Directed by Randy Vasquez, Something’s Moving tells the story of three Residential School Survivors in the United States, and their efforts to heal themselves, to restore what was taken from them, and to allow future generations to live a life that’s free from trauma, shame, fear, and self-loathing.
“A great general has said that the only good Indian is a dead one, and that high sanction of his destruction has been an enormous factor in promoting Indian massacres. In a sense, I agree with the sentiment, but only in this: that all the Indian there is in the race should be dead. Kill the Indian in him, and save the man.”
This is quoted from a speech given in 1892 by Captain Richard H. Pratt, founder of the Carlisle Industrial Training School – the first Indian Residential School in the United States (noting, of course, that residential schools were running in Canada as early as 1620. However, they became institutionalized in Canada around the same time they did in the US. )
Modeled after a “prison school he had developed for a group of 72 Indian prisoners of war at Florida’s Fort Marion prison”, explains Andrea smith in Soul Wound: The Legacy of Native American Schools, Pratt sought “to ‘elevate’ American Indians to white standards through a process of forced acculturation that stripped them of their language, culture, and customs.”
The Government “found the Carlisle model an appealing alternative to the costly military campaigns against Indians in the West”. Within thirty years of Carlisle’s opening, nearly 500 schools would be established across America.
[The Schools] “ran on bare-bones budgets, and large numbers of students died from starvation and disease because of inadequate food and medical care. School officials routinely forced children to do arduous work to raise money for staff salaries and “leased out” students during the summers to farm or work as domestics for white families. In addition to bringing in income, the hard labor prepared children to take their place in white society—the only one open to them—on the bottom rung of the socioeconomic ladder.
Physical hardship, however, was merely the backdrop to a systematic assault on Native culture. School staff sheared children’s hair, banned traditional clothing and customs, and forced children to worship as Christians. Eliminating Native languages—considered an obstacle to the “acculturation” process—was a top priority, and teachers devised an extensive repertoire of punishments for uncooperative children. [Like forcing them to eat bars of soap, kneel down on pencils, or bathe in kerosene.]”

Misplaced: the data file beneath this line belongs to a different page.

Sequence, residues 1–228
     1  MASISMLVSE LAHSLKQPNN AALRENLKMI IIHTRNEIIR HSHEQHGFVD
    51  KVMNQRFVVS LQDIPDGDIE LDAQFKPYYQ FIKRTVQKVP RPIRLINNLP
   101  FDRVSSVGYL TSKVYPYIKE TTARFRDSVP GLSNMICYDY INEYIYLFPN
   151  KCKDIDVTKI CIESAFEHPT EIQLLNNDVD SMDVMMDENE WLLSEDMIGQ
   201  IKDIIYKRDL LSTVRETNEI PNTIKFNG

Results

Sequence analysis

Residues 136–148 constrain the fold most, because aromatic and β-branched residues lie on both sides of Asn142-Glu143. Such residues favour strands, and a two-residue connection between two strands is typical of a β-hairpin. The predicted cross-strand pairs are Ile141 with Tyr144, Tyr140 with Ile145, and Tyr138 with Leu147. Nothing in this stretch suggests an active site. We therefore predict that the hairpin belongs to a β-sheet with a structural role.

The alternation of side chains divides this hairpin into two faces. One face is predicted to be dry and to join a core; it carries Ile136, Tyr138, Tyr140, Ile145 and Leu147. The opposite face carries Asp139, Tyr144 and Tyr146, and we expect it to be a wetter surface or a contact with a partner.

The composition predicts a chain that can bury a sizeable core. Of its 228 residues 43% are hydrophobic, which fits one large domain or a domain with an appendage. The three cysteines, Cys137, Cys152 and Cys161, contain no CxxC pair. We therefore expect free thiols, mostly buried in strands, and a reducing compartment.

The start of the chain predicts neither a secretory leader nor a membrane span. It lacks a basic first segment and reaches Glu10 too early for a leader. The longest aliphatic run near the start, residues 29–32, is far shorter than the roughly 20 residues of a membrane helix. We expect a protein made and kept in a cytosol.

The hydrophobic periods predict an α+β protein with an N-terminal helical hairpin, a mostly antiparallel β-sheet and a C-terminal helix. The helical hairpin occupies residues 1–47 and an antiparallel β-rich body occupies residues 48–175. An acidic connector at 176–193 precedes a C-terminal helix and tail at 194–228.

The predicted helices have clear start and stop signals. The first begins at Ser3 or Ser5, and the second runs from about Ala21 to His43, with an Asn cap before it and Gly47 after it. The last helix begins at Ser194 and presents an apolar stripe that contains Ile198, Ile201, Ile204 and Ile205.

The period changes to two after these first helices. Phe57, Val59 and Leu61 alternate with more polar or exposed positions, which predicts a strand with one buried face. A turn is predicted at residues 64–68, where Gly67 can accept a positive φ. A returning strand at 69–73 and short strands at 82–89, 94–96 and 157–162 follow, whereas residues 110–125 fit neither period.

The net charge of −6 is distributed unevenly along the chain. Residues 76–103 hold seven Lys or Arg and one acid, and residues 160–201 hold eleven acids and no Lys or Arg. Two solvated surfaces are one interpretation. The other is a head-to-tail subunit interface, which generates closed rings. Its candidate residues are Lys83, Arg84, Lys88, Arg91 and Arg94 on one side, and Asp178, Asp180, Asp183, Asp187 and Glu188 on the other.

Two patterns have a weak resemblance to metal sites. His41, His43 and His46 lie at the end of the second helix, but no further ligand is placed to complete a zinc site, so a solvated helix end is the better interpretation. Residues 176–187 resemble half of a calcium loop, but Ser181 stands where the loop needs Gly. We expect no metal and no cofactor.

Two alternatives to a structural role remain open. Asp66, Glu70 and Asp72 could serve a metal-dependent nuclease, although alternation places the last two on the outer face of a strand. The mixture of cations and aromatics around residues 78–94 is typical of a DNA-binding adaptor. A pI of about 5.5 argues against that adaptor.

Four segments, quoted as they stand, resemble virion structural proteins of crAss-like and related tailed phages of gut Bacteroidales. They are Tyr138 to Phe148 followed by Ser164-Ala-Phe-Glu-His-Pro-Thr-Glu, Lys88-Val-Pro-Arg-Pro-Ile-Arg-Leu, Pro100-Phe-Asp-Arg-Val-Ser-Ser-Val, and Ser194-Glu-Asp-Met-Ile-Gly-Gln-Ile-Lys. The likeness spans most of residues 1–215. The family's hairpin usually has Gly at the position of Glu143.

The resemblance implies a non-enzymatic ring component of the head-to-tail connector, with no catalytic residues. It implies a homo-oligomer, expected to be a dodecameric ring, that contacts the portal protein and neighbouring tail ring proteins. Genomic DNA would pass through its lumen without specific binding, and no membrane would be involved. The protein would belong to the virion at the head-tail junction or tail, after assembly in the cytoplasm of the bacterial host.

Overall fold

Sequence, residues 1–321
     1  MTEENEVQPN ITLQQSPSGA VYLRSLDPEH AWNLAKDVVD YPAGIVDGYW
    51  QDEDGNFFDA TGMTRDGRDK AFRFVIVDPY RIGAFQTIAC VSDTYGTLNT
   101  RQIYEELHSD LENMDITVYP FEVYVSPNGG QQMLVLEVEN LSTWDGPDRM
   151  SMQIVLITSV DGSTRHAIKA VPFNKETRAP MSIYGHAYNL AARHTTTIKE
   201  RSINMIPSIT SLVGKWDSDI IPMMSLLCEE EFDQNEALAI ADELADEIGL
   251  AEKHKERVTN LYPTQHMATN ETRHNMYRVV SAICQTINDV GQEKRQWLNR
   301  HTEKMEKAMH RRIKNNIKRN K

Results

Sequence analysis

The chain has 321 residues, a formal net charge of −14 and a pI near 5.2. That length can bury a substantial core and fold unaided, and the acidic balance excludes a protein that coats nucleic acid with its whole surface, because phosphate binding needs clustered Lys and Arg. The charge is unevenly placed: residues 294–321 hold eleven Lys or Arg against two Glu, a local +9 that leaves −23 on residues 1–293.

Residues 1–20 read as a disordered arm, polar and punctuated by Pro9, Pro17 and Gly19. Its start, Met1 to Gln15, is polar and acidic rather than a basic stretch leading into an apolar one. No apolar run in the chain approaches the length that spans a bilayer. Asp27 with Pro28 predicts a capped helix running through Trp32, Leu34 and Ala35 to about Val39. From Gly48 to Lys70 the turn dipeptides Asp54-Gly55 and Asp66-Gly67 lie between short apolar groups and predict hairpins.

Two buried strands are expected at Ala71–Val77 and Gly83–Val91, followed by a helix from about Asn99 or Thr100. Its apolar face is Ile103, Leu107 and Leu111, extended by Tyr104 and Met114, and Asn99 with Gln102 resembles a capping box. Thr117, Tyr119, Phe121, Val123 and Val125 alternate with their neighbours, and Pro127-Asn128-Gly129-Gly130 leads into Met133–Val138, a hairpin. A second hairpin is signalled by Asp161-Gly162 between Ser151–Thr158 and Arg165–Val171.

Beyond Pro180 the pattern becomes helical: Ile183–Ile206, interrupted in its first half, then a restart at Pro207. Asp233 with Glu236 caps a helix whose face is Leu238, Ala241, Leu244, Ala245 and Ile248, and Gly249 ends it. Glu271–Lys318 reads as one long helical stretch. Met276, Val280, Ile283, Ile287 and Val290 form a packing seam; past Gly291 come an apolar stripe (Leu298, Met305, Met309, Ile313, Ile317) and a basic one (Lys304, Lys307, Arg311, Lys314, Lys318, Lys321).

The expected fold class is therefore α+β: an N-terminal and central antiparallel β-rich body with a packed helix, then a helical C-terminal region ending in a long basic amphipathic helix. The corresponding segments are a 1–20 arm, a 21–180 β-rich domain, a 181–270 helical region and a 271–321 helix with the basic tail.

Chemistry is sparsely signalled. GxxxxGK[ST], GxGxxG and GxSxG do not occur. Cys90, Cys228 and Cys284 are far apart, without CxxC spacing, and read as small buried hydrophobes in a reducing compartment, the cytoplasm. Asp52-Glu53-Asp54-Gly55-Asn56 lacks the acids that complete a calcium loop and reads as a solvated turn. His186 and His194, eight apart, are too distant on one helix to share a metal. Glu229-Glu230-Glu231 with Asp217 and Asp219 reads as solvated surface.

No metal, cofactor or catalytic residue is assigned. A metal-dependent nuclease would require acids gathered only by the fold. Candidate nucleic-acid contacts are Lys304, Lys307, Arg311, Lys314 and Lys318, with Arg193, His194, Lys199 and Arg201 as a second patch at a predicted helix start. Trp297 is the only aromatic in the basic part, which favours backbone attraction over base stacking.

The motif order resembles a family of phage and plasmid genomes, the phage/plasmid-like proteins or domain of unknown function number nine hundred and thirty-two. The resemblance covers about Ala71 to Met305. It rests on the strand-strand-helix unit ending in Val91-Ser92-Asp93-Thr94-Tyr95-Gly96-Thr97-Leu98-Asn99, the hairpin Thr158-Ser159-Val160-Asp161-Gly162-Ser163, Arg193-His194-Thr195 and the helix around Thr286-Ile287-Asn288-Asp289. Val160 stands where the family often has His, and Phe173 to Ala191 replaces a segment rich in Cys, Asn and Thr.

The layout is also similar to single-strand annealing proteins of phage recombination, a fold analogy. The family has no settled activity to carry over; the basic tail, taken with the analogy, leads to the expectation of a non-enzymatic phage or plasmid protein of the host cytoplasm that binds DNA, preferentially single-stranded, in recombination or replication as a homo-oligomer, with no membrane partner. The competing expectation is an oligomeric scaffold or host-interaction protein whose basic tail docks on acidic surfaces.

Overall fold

And then there was the physical and sexual abuse. There are few reports detailing the extent of what happened, however, it’s known that “rampant sexual abuse at reservation schools continued until the end of the 1980s,” Andrea explains. “In 1987 the FBI found evidence that John Boone, a teacher at the BIA-run Hopi day school in Arizona, had sexually abused as many as 142 boys from 1979 until his arrest in 1987. The principal failed to investigate a single abuse allegation.” Boone was one of several BIA schoolteachers caught molesting children on reservations in the late 1980s.”
While the full extent of abuse may be unknown, the multi-generational effect it has had on indigenous communities is all too well understood.
“Before colonization, Native women generally enjoyed high status, according to scholars, and violence against women, children, and elders was virtually non-existent. Today, sexual abuse and violence have reached epidemic proportions in Native communities, along with alcoholism and suicide. By the end of the 1990s, the sexual assault rate among Native Americans was three-and-a-half times higher than for any other ethnic group in the U.S., according to the Department of Justice’s Bureau of Justice Statistics.”
The abhorrent legacy of residential schools continues to unfold today. However, there are also many efforts headed by Indigenous People to end that legacy, to restore what what taken by force, and to allow future generations to live a life of their own. One that’s free from trauma, shame, fear, and self-loathing.
The following documentary discusses some of these efforts, while showing you the end result of one of America’s attempts to eradicate the indigenous identity.
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